After Mass Killing In Paris, People Take To The Streets Twelve people at the satirical magazine Charlie Hebdo were killed Wednesday when 3 gunmen stormed the offices in Paris. Renee Montagne talks to John Irish, a reporter in the Reuters Paris bureau.

After Mass Killing In Paris, People Take To The Streets

After Mass Killing In Paris, People Take To The Streets

  • Download
  • <iframe src="https://www.npr.org/player/embed/375799674/375799675" width="100%" height="290" frameborder="0" scrolling="no" title="NPR embedded audio player">
  • Transcript

Twelve people at the satirical magazine Charlie Hebdo were killed Wednesday when 3 gunmen stormed the offices in Paris. Renee Montagne talks to John Irish, a reporter in the Reuters Paris bureau.

RENEE MONTAGNE, HOST:

The manhunt for the suspects in yesterday's attack in Paris continues. Twelve people were killed by gunmen who targeted the editorial offices of Charlie Hebdo, a French satirical magazine. Let's go now to Paris for more from the Reuters Paris Bureau and reporter John Irish. Good morning.

JOHN IRISH: Good morning.

MONTAGNE: Now we've been hearing a lot about how Parisians have reacted to this attack, and you were out reporting last night. Tell us what you saw.

IRISH: Well, across the city there's obviously a lot of confusion and concern. People flooded to the streets across Paris and across France to show their solidarity in what happened. The streets were packed with police officers at key sites - tourism sites, media offices - and about 800 soldiers were brought into the capital to ensure security. So there's a climate of concern because, as you said, two men are still loose and are trying to be located. And there was also another shooting this morning that, at this point, it's not clear if it's related or not.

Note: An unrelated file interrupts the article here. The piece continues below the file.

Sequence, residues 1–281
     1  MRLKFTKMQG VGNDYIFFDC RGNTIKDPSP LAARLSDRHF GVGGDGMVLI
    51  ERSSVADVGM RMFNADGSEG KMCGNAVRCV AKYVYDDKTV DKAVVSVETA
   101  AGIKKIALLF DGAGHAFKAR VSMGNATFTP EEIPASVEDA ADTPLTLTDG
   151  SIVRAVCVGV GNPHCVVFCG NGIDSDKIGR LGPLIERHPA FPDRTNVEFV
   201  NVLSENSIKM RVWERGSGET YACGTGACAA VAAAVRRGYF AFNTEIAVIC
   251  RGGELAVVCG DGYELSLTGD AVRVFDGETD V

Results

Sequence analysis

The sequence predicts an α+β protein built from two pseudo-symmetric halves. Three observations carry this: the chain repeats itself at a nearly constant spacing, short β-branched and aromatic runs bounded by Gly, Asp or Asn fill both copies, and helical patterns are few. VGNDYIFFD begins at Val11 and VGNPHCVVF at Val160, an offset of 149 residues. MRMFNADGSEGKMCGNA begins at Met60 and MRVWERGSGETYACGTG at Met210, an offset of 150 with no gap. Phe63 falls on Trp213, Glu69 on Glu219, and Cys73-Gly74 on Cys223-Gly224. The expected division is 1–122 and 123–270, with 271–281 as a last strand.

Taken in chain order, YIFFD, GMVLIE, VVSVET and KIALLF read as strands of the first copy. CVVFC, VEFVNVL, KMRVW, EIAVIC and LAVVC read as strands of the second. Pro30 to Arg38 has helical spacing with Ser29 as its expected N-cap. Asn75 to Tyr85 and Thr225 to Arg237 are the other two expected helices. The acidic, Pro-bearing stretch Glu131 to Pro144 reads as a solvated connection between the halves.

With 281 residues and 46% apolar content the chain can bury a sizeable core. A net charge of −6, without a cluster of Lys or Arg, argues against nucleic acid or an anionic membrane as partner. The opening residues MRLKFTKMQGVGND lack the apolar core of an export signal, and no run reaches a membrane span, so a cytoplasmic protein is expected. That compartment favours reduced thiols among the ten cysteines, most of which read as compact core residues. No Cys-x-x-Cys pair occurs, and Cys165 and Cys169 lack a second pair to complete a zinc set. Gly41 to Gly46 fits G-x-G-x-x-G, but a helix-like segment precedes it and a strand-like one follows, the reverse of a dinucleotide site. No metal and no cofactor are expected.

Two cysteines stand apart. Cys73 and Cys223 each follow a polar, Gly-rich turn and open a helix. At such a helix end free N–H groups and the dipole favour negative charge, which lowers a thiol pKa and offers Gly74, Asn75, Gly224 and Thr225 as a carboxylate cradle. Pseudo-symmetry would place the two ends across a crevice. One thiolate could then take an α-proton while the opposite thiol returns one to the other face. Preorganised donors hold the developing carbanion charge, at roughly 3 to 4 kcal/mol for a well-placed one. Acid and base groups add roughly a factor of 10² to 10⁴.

MONTAGNE: People flowing, as you say, out into the street spontaneously, that came in spite, as you say, of the fact that the two main suspects are still at large, were still at large. And I'm thinking here of the Boston bombing, where people were told and did in fact stay off the street. Is there a comparison there?

IRISH: I don't know. I mean, all I can say is that I don't think - I mean, I think people are scared naturally. But these guys did flee into some of the eastern suburbs of Paris. And they were pretty planned - their attacks yesterday. They knew what they're doing, they knew where they were going, and they knew what they were hitting. So I guess there's an element of people - well, if they were worried they didn't feel that these guys would go on to a sort of a mass rally and let their guns off. I don't think it's quite the same as what happened in Boston. I think there's generally a feeling of people - the French - saying we need to go on the streets here and show that democracy and freedom won't be defeated by this.

MONTAGNE: Could you take a moment to help us understand how famous these satirical cartoonists were in France? I mean, I've heard they were featured on TV; some wrote children's books. People talk about growing up with them.

IRISH: Yeah, no, that's exactly right. I mean, it was a shock to France because a lot of these guys have been doing the same cartoons, working for this magazine for decades even. And, you know, they didn't just focus on radical Islam or satirical cartoons on the Prophet Mohammed. It was other religions that were targeted, other - politicians. You know, it was a true satirical magazine which people knew, which people liked and which people related to. And, you know, it is a shock to them because, as you said, in France there's a culture of journalists going on TV shows or speaking quite a lot. And these guys were, and they were extremely well-known. And it was definitely - you know, the core of French society was hit by this.

MONTAGNE: Reuters' reporter John Irish is based at Reuters' Paris Bureau. Thank you very much.

IRISH: Thank you.

Copyright © 2015 NPR. All rights reserved. Visit our website terms of use and permissions pages at www.npr.org for further information.

NPR transcripts are created on a rush deadline by Verb8tm, Inc., an NPR contractor, and produced using a proprietary transcription process developed with NPR. This text may not be in its final form and may be updated or revised in the future. Accuracy and availability may vary. The authoritative record of NPR’s programming is the audio record.